How WakeMed is leveraging data, CMIO Dr. Neal Chawla shares insights

Neal Chawla, MD, was appointed chief medical information officer of Raleigh, N.C.-based WakeMed Health & Hospitals in January 2018.

He came into his role at WakeMed with a wealth of knowledge after spending 11 years at Fairfax, Va.-based Inova Health System as associate CMO for clinical effectiveness and associate CMO.

Here, Dr. Chawla discusses how WakeMed leverages data to improve workflows as well as insight into how he has changed his perspective as CMIO over the past year.

Editor's note: Responses have been lightly edited for clarity and length.  

Question: How are you leveraging your EHR data or other data sets to improve efficiency and clinical care? 

Dr. Neal Chawla: Our team’s capabilities continue to advance as we build toward a robust data-driven system. This increased analytic capability allows us to look retrospectively at data to figure out what happened, as well as proactively, through cleaner data, better definitions and improved data literacy, ask better questions and better understand what the data is really telling us.

At WakeMed, we send data to multiple registries. This allows us to benchmark our clinical data against similar health care organizations and look for opportunities to improve the care and services we provide.

Internally, we are using data to become more operationally efficient. Additionally, we are beginning to use data to standardize our care. We are also increasing our use of data to monitor our interventions in terms of processes and metrics related to health outcomes. We are in early stages with predictive analytics but want to be careful to have a solid foundational layer before we shift towards a larger focus on these more advanced capabilities.

For so long, healthcare has been a paper-based field. It's only become electronic in the past five to 10 years for the most part. We are still trying to figure out how to provide optimal care in the digital world. A big piece of learning how to operate in the digital world is data. Not just having data, but ensuring democratization of curated, accurate, impactful data, in real-time, while also minimizing the burden to those who are paying the keyboard price to input the data. We want to make sure we are analyzing the right data at the right time and using it in the right way.

Q: What is a piece of data or information that can go overlooked at a hospital? 

NC: Healthcare organizations can find themselves in situations where they simply don't know what they don't know. With each new data set, we often learn a few more insights about our care delivery, and usually have more questions.

Once you have an EMR, there is a good chunk of data that clinicians can easily access. One type of data that we are starting to track is our alert data. A nice aspect of an EHR is that you can put alerts and decision support to help deliver optimal care. However, we know these alerts can often be annoying, and we are finding that many alerts are being overridden. If alerts are not effective, they do not change behavior as intended. It’s this same data that is helping us ascertain why some alerts are not impactful and actively explore ways to optimize these alerts.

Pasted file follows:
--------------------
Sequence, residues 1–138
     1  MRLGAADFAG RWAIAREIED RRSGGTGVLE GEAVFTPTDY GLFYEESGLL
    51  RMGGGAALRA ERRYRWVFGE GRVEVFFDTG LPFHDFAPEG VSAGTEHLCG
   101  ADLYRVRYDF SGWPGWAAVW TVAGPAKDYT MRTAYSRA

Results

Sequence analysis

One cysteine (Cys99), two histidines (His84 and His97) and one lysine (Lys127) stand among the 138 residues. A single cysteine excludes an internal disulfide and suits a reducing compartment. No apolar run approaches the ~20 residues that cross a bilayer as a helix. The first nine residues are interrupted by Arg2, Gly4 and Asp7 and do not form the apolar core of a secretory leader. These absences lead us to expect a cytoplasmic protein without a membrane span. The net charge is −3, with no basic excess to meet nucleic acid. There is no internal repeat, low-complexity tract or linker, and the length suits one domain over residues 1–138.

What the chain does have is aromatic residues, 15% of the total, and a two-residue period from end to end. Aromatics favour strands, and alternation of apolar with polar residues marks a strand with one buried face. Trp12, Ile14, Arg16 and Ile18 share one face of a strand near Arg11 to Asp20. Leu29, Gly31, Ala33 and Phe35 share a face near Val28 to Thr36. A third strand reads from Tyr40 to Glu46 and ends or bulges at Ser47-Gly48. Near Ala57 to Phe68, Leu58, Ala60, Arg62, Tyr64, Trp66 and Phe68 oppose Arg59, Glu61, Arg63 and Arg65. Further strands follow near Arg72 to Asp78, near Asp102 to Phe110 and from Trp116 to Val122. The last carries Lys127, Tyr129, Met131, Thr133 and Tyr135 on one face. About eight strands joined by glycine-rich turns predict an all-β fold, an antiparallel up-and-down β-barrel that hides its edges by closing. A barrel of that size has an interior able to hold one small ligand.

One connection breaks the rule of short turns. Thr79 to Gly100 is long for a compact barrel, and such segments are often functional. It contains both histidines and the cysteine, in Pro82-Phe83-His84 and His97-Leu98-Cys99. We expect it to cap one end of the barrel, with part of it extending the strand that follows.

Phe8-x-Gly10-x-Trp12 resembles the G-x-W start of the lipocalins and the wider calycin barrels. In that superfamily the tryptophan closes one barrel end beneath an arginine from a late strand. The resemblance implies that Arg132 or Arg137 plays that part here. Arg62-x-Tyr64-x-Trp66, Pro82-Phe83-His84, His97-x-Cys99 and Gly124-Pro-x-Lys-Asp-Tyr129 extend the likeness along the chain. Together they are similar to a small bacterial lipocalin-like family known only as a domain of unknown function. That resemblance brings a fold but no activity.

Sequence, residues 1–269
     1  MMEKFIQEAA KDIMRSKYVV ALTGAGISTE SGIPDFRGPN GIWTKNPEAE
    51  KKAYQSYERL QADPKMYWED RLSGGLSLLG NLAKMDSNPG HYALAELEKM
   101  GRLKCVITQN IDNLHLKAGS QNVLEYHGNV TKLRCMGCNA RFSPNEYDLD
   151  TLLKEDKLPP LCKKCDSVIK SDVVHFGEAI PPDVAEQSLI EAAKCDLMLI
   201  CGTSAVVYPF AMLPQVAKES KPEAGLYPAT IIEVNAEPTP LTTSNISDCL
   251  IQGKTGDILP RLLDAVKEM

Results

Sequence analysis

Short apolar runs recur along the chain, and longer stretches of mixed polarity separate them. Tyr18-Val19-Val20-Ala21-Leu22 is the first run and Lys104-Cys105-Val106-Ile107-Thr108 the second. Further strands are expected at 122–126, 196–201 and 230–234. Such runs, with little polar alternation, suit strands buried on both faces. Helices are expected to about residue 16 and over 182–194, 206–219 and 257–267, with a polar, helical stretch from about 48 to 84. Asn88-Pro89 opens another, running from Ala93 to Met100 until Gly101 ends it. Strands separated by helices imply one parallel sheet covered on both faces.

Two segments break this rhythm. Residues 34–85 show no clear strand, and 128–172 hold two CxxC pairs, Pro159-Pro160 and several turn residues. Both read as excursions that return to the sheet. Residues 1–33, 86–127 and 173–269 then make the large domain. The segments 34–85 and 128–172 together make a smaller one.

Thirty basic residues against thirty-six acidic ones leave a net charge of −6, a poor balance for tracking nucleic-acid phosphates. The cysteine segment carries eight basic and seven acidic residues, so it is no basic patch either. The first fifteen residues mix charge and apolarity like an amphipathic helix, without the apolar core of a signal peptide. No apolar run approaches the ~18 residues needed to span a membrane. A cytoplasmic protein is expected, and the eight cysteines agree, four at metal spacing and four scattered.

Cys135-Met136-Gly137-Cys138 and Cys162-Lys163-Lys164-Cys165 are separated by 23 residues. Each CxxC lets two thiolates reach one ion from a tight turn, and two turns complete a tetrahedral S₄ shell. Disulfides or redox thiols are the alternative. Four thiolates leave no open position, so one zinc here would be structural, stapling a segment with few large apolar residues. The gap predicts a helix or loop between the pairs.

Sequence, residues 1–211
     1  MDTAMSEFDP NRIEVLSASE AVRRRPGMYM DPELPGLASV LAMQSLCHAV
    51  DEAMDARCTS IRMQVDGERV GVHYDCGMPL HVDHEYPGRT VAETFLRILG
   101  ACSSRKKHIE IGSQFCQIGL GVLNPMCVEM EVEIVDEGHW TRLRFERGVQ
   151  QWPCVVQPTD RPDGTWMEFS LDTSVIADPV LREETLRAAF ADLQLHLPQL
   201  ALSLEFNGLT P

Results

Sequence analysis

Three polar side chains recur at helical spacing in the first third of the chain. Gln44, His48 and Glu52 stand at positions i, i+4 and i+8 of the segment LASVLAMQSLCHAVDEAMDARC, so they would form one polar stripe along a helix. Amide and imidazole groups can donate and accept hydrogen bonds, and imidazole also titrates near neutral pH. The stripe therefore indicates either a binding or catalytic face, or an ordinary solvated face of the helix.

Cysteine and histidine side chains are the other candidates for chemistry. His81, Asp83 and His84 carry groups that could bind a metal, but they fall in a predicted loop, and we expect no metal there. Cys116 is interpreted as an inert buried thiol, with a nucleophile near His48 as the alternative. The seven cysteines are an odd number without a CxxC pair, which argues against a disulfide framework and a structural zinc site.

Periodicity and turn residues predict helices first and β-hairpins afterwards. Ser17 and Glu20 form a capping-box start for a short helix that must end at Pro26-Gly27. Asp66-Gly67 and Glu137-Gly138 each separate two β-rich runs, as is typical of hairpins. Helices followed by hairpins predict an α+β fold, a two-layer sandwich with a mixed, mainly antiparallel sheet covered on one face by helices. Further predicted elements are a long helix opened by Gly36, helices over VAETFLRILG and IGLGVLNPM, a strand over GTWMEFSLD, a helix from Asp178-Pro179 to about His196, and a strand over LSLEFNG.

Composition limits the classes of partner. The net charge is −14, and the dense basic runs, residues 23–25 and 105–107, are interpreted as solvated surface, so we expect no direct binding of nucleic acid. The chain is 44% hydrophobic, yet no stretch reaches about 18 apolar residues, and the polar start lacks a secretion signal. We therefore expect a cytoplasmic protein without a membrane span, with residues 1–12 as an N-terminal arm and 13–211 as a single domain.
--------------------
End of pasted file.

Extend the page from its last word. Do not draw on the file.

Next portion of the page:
Q: Looking back at your first year as CMIO, what would you do differently? What do you wish you had known?

NC: I try to make decisions knowing there are almost always pros and cons. As I think back on the decisions I have or have not made, it's hard to say if I would approach them any differently, even though the ultimate decision may have changed.

When I got to WakeMed, I noticed a few holes where we needed additional physician informatics support. Cardiology, ambulatory and surgery were three areas where we didn't have great physician informatics expertise. We were able to get an expert for the ambulatory side, but I was careful to not ask for an all-hands on deck support in my first weeks. Instead, I worked slowly and methodically, knowing we live in a resource-constrained environment.

Since then, we've been able to start up a cardiology IT optimization group over the past few months. We are also looking to establish a surgeon IT optimization group. Even though I noticed the opportunity for these solutions when I first got here, and others, I wanted to balance limited resources with where we needed them most, and I didn’t want to make too many quick decisions up front. I hope I made the right calls, and data will help tell the next chapter of the story.

Q: Who do you go for advice? 

NC: To put it simply, everyone. 

Over the years, I've built up a network of CMIOs and other technology experts who I often go to for advice. Since I'm the only CMIO at WakeMed, it's helpful to know others in the same role outside of our health system to bounce ideas off of. At the same time, I have a great group of Associate CMIOs who know the clinical and IT sides of things well and have great insights and great relationships throughout our system. 

My CIO along with our IT leadership team and IT analysts have a wealth of information. I'll often go to them for advice because they have different skill sets and viewpoints that give me more perspective. Our chief medical officers are great partners. When things come to me that are more operational than IT, I often seek their counsel. Additionally, our group of clinical informaticists provide thoughtful feedback and advice. And of course, it’s our frontline staff who pounds clinical footsteps and mouse-clicks and understands the workflows and hurdles best.

Obviously, my wife is great sounding board. When I'm completely lost and need to know where to start, I trust her to send me down the right path.

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